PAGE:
I didn’t want to do an album with ‘this guy from that band’ or ‘that guy from that band’. It’s not what I wanted to do. I wanted to kind of get musicians that I knew I could, let’s say corral, to play the style that I wanted to. Sometimes if it’s more of a name player, their going to do their thing versus my thing. That’s something I try to pride myself on. When I’m playing drums for somebody, I want to give them what they want. I want to play the drums like Ozzy wants me to play drums, or like Rob Zombie wants me to play the drums. But I didn’t want to have the challenge of trying to get somebody to do that. I wanted it to be my way, And not to sound egotistical, a very specific way that I wanted the music to come off, because being from Detroit it’s a lot different than the West Coast out here. There’s a lot more hard driving, pounding you in the face, sweat factor in the music, and these guys they brought it for me. I wrung it out of them and it worked perfectly! All the guys played great. Eliot Lorengo the bass player, he’s an excellent bass player and you’re going to hear a lot about him. I can’t say enough about him. Nao and Hank also did a great job. They are all wonderful musicians who helped me get the sound out in my head. They did an awesome job! I’m very proud of them and and I’m proud of myself and I’m proud of how the album came out. I did it for myself, for me to enjoy it. They did an awesome job! I’m very proud of them, I’m proud of myself and I’m proud of how the album came out. I did it for myself and for me to enjoy it and if the people enjoy it that’s a total bonus.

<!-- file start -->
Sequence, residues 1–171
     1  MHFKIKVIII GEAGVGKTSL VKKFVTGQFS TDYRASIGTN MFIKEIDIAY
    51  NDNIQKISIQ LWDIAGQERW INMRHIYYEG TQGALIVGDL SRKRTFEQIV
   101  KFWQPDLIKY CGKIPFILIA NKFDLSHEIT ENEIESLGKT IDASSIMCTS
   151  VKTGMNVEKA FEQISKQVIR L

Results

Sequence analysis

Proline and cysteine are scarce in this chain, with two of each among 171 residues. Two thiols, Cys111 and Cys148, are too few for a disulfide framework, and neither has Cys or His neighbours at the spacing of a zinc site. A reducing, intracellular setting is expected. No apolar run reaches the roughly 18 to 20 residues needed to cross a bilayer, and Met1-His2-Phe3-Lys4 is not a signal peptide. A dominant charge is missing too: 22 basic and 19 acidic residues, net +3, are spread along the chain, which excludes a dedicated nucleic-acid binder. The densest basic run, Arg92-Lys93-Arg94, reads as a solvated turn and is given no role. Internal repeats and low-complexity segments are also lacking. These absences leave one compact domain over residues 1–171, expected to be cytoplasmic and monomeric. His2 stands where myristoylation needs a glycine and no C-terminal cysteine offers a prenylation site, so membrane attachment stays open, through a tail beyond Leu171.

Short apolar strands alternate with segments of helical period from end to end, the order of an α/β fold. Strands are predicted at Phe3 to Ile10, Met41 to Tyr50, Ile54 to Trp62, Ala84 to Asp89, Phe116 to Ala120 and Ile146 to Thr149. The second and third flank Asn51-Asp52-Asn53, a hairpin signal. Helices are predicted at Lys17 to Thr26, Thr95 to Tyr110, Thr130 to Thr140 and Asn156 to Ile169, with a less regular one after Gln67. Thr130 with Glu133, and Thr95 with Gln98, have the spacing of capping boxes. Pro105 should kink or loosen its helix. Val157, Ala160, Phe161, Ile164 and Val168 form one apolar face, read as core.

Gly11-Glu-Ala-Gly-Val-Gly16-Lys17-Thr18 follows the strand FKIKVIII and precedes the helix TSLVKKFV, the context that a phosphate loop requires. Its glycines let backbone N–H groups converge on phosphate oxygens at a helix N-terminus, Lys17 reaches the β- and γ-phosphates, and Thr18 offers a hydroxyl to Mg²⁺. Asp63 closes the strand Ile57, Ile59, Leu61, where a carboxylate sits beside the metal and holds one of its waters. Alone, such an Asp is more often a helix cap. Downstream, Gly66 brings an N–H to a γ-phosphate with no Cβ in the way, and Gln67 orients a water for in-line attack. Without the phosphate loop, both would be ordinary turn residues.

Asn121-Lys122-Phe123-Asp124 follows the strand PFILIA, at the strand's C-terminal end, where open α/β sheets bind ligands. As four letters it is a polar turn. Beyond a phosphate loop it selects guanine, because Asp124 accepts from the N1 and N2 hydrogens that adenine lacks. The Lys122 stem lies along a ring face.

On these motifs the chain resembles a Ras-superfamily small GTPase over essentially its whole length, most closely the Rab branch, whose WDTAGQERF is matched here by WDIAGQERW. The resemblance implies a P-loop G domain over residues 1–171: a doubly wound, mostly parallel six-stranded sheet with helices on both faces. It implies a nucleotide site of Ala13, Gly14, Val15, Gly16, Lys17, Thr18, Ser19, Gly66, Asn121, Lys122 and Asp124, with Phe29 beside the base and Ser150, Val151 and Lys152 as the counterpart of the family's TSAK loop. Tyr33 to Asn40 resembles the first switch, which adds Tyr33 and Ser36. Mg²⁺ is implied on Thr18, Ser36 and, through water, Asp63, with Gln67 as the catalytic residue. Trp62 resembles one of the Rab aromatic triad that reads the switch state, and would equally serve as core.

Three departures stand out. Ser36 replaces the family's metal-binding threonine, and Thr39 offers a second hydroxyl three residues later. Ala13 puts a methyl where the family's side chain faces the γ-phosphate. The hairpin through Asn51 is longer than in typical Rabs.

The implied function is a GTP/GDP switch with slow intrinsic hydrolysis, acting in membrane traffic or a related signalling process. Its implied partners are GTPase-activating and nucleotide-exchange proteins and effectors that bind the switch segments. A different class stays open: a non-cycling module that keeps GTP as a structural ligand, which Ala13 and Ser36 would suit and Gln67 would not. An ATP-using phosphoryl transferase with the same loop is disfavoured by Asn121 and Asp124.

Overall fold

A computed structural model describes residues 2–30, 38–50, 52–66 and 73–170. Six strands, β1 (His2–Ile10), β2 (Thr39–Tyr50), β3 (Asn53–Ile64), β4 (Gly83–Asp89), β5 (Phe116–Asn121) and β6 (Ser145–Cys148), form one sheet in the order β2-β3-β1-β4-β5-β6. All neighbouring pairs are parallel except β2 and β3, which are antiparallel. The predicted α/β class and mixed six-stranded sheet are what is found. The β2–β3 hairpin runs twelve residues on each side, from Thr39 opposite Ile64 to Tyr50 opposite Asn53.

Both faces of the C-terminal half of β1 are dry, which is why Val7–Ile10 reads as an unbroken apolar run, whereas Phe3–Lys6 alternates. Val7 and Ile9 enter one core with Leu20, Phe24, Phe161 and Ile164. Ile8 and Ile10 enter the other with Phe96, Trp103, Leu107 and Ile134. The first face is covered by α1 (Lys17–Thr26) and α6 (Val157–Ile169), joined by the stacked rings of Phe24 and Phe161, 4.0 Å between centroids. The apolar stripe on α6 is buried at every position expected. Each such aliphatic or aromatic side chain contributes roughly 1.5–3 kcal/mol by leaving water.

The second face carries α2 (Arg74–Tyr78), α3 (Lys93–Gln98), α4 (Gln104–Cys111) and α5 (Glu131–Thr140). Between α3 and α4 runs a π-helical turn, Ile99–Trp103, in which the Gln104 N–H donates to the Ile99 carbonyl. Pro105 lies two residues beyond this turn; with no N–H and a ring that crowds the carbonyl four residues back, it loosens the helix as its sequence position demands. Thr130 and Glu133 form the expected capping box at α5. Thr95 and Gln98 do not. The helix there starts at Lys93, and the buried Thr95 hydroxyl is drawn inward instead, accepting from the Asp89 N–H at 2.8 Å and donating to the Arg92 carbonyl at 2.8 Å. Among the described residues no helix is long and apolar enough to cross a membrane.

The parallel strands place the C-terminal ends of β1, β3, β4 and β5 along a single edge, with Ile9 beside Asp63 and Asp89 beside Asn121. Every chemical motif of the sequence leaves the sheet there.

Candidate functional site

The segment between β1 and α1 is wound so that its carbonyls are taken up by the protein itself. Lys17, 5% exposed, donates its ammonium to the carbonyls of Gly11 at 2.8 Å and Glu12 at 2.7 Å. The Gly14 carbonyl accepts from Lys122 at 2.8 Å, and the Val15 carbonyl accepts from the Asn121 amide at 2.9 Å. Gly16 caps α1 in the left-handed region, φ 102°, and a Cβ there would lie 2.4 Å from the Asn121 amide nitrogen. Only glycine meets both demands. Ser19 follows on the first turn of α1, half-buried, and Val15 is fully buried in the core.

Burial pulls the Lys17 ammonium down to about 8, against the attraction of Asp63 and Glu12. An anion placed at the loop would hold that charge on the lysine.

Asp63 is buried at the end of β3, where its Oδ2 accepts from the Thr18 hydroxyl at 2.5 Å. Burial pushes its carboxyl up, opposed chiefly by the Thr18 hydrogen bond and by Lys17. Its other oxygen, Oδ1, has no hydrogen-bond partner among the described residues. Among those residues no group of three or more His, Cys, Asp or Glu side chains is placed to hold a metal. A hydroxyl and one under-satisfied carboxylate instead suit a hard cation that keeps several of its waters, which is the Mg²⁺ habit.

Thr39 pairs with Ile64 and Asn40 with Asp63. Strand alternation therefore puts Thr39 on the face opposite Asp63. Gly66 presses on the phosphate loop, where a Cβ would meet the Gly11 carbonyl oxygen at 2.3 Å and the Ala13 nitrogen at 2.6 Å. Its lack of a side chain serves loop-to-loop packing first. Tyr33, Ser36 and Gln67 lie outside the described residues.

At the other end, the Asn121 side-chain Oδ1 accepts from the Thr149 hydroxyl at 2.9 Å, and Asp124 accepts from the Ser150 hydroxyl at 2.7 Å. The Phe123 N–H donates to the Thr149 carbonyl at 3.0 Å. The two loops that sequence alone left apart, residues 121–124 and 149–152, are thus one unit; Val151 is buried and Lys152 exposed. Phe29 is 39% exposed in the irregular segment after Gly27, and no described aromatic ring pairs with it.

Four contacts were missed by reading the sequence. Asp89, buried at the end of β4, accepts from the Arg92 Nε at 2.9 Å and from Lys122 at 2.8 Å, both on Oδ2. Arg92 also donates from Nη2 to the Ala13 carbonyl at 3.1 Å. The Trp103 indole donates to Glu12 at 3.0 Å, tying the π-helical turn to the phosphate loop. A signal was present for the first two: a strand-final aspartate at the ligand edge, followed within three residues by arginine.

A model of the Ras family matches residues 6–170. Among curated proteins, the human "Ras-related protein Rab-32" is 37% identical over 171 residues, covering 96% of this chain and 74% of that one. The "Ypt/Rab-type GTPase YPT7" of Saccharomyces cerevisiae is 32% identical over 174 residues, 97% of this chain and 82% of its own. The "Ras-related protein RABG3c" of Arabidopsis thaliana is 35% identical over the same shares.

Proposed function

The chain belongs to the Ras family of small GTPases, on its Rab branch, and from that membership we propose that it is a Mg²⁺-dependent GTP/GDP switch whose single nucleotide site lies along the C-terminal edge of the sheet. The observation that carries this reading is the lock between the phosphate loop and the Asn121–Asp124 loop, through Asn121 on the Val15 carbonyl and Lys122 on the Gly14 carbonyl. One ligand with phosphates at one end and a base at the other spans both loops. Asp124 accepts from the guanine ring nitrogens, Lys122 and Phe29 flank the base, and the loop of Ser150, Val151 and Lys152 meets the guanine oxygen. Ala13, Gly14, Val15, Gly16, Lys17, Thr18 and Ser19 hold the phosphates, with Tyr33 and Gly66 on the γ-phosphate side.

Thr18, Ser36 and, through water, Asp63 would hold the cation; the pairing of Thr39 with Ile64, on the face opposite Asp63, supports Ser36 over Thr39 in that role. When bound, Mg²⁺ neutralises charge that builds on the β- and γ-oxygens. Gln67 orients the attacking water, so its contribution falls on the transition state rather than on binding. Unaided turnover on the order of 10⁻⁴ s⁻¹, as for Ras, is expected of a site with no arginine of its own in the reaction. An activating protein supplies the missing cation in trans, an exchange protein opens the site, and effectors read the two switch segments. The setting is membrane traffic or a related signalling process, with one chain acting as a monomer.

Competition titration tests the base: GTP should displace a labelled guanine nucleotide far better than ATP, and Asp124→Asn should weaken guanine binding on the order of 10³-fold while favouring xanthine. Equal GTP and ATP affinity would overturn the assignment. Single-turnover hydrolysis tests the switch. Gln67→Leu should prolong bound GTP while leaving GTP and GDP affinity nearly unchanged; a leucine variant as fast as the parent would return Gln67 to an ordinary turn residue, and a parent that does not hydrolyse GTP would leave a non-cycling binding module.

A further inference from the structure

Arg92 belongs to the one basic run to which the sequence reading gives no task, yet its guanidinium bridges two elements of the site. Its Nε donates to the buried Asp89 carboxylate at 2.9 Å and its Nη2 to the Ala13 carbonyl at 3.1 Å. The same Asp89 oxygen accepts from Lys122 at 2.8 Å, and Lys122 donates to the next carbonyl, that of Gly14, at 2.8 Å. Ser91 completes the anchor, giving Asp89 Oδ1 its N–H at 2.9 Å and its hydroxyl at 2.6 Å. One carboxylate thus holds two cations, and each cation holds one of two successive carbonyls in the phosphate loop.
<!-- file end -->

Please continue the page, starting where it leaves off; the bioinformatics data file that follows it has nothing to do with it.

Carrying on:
Let me pick up on the sound of the record. It has a fantastic raw sound that’s perhaps a great representation of what it might actually be like to experience a Tommy’s Rock Trip live show. How intentional was it to get this live feel within the record?